It’s that clarity that really helps I Can Feel You Forgetting Me stand strong as well; Neon Trees clearly aren’t concerned with being the biggest band in the world, but drilling into their core themes and narratives and making them as well-defined as possible is a much better strategy. And it’s not even like this is a particularly deep album either – the general arc sees frontman Tyler Glenn gradually coming more and more off the rails after a breakup that he clearly isn’t over – but there’s something about the way Neon Trees do it that makes it feel so potent. The very glitzy and flashy presentation is definitely a factor, but lines like “Living single is harder on my body than the drugs” on Living Single feel a bit more subversive than what’s come to be expected from pop albums as clear-cut as this. It’s hardly transgressive, but there’s a slight grubbiness beneath the flashy surface that makes Glenn a far more compelling narrator on principle alone, even if the story he’s telling isn’t precisely swinging for the fences in itself. But then again, that’s where Neon Trees are the most successful, and bringing an insular indie-pop edge to more conventional pop formulae isn’t a bad idea if the results pan out, which they generally do on here. No one’s under the illusion that I Can Feel You Forgetting Me is going to be an undiscovered classic or bring Neon Trees another moment of pop dominance, but for a remarkably catchy and unexpectedly interesting album, this gets the job done in spades. It’ll most likely be ignored, but it honestly shouldn’t; as pop junk food that’s not totally devoid of nutritional value, this is well worth a go. • LN
For fans of: The Killers, Walk The Moon, New Politics
‘I Can Feel You Forgetting Me’ by Neon Trees is out now on Thrill Forever.
Year Of The Knife
Buzz bands in hardcore don’t come much buzzier than Year Of The Knife. Theirs is a name that’s been going around for a while now, falling into the same live circles as similarly incendiary bands like Knocked Loose and Terror, but striking a much deeper chord with last year’s Ultimate Aggression, a compilation of older tracks that racked up more excitement and enthusiasm for some than a lot of proper albums do. That’s exactly the sort of momentum that can be an invaluable boost for a band like this going into their debut, though Internal Incarceration does enough on its own to stand as one of the premier hardcore releases of 2020 already. That’s most immediately noticeable in the sound and feel of it; this is a Kurt Ballou production job at its most feral and untamable, seldom pausing for breath amongst the pummelling torrent of guitars and an excellently robust bass presence from Madison Watkins, culminating in the sort of bloodthirsty, d-beat-flavoured hardcore that most bands just don’t seem to want to make anymore. That’s something that never lets up as well, right from the indomitable wall of noise of This Time that’s blackened and bludgeoning through and through, and given an even greater tautness thanks to Tyler Mullen’s vocals. Sonically, this is probably as good as mosh fodder gets, and keeping things tight and focused across a wonderfully direct runtime.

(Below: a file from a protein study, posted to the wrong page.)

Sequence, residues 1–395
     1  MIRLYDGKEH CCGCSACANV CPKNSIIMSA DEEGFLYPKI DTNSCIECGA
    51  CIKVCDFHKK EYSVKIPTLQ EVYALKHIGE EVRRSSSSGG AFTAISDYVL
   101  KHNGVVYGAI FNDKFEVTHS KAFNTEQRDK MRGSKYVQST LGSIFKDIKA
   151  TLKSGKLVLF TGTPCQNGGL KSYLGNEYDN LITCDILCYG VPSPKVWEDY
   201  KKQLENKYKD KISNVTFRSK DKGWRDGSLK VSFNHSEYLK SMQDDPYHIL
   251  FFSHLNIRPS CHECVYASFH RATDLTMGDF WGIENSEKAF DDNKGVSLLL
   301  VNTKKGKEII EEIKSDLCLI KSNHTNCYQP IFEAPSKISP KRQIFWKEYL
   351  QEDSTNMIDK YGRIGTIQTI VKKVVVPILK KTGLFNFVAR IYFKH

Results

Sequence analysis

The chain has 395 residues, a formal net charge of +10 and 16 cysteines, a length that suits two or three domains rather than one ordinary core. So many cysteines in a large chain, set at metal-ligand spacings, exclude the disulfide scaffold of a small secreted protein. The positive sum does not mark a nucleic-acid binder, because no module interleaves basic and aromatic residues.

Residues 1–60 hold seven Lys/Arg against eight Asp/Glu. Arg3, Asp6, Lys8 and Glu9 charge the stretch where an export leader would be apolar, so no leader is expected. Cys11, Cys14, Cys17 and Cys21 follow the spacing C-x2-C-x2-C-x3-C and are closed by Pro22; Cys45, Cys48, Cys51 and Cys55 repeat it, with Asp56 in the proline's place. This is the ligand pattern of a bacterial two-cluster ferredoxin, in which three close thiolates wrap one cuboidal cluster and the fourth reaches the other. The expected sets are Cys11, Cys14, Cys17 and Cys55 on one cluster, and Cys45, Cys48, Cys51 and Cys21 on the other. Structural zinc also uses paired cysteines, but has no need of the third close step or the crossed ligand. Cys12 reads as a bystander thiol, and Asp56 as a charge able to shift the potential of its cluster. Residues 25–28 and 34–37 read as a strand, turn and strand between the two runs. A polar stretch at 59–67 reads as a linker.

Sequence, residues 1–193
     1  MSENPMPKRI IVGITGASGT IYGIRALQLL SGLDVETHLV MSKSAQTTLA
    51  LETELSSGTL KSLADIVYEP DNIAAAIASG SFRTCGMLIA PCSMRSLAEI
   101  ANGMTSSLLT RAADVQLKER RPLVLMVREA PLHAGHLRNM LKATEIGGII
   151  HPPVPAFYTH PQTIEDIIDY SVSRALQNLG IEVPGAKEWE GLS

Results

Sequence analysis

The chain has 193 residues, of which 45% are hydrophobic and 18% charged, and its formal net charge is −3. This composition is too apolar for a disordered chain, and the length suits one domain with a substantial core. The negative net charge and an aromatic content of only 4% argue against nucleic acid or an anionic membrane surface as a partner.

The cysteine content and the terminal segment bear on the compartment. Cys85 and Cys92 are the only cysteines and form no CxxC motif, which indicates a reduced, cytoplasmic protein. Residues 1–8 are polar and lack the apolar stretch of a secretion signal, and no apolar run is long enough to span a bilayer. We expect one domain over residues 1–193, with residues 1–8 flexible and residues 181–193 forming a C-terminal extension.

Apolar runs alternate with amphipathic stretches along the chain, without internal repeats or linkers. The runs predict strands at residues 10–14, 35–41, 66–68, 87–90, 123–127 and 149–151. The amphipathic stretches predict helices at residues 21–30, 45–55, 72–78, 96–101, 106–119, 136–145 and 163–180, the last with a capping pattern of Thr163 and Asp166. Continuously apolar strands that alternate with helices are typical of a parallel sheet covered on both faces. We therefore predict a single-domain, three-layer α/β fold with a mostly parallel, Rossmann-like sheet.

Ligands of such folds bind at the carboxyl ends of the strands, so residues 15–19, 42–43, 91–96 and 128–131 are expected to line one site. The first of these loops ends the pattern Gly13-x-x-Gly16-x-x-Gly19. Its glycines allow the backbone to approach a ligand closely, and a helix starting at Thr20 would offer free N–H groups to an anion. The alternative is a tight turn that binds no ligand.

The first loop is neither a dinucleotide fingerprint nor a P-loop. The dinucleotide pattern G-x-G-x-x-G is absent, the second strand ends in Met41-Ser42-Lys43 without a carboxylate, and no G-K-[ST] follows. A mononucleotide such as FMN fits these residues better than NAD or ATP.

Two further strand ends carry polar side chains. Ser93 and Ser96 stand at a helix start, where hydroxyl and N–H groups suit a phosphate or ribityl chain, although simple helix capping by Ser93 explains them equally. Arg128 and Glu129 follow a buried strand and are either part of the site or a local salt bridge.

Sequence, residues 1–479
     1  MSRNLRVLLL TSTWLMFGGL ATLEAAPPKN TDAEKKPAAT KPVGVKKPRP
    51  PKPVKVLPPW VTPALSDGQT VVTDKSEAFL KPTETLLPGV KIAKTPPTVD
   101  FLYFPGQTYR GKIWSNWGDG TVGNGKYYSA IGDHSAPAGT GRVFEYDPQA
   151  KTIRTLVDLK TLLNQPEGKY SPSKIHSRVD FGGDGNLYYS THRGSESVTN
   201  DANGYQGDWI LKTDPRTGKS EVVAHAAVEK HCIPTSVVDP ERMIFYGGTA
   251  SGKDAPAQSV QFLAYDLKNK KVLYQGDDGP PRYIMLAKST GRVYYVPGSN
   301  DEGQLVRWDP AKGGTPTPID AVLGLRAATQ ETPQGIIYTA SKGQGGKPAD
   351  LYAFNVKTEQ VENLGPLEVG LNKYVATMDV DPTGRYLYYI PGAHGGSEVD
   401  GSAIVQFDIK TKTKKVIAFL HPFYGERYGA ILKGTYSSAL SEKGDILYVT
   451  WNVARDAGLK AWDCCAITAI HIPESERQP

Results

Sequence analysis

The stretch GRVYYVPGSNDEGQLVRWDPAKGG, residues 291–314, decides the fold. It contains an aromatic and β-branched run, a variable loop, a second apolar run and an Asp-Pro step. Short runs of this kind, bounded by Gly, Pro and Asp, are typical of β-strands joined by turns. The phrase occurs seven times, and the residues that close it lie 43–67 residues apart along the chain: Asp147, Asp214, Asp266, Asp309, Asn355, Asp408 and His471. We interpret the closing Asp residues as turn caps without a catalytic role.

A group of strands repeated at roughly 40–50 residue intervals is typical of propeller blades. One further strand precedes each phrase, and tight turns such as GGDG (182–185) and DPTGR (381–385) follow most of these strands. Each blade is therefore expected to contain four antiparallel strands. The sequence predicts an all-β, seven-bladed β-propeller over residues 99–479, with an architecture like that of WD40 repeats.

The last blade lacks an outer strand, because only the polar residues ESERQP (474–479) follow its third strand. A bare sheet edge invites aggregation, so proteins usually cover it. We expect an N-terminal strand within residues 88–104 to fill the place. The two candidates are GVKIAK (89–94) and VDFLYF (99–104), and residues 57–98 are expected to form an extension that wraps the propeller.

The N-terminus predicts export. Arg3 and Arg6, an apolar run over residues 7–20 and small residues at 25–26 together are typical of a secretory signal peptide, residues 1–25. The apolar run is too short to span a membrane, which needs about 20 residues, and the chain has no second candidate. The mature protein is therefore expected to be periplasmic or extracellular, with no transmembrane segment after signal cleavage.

But Year Of The Knife also have more to them than that, and it stacks on another helping of praise to Internal Incarceration that the band’s focus extents giving their lyrical content more depth than just flat-out rage. The rage is never skimped on, but it’s held in place by deeper and richer thematic sources, drawing from the various neuroses and plagues that might fester to cause it, and ultimately hoping for a way to conquer it in the end. That’s what really stands tall about Internal Incarceration; there’s a lot of destruction and immolation that it bears down in the likes of the gnawing desire for social media perfection on Virtual Narcotic or the breaking that being subjected to a toxic relationships causes on Manipulation Artist, but the power to break that cycle is inherently tied in to the physical force that album displays itself. The opioid crisis is viewed with empathy on Through The Eyes and Sick Statistic, and highlighting perseverance over grief on Final Tears and the positive force of community spirit on DDM is rather refreshing when albums of this stripe can sometimes feel so tied pushing darkness and misanthropy at every turn. Of course, the grounds to bypass all of that and dive into the unceasing sonic decimation are also perfectly valid, and it’s ultimately to Year Of The Knife’s credit that that’s the case. It’s a hardcore album with two distinct sides that never loses sight of either, and can make that last for the duration of a half-hour listen without breaking stride once. Maybe a bit more variety wouldn’t go amiss, but that’s some serious nitpicking when there’s very little to take umbrage towards with what Internal Incarceration has already, and in what’s already been a pretty great year for hardcore, Year Of The Knife are settling into their place right near the top. • LN